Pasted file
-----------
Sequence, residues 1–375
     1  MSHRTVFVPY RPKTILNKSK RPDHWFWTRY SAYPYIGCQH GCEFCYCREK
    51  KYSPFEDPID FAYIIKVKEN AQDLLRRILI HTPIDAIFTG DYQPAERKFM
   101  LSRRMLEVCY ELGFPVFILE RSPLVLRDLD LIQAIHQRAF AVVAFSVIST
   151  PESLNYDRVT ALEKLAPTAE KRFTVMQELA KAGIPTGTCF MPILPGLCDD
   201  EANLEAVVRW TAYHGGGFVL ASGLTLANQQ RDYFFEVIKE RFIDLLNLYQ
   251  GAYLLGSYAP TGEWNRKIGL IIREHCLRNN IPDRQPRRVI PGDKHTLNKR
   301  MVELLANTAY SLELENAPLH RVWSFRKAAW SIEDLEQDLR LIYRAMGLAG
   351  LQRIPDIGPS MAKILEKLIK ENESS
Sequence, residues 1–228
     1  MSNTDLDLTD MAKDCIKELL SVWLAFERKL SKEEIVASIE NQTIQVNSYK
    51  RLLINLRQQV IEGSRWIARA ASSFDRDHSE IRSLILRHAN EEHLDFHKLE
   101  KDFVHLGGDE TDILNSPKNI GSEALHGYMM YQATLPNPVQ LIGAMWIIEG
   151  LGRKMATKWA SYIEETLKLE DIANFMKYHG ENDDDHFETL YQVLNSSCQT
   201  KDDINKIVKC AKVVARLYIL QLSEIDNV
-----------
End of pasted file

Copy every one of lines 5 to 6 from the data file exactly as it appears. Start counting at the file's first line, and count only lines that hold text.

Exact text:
   151  PESLNYDRVT ALEKLAPTAE KRFTVMQELA KAGIPTGTCF MPILPGLCDD
   201  EANLEAVVRW TAYHGGGFVL ASGLTLANQQ RDYFFEVIKE RFIDLLNLYQ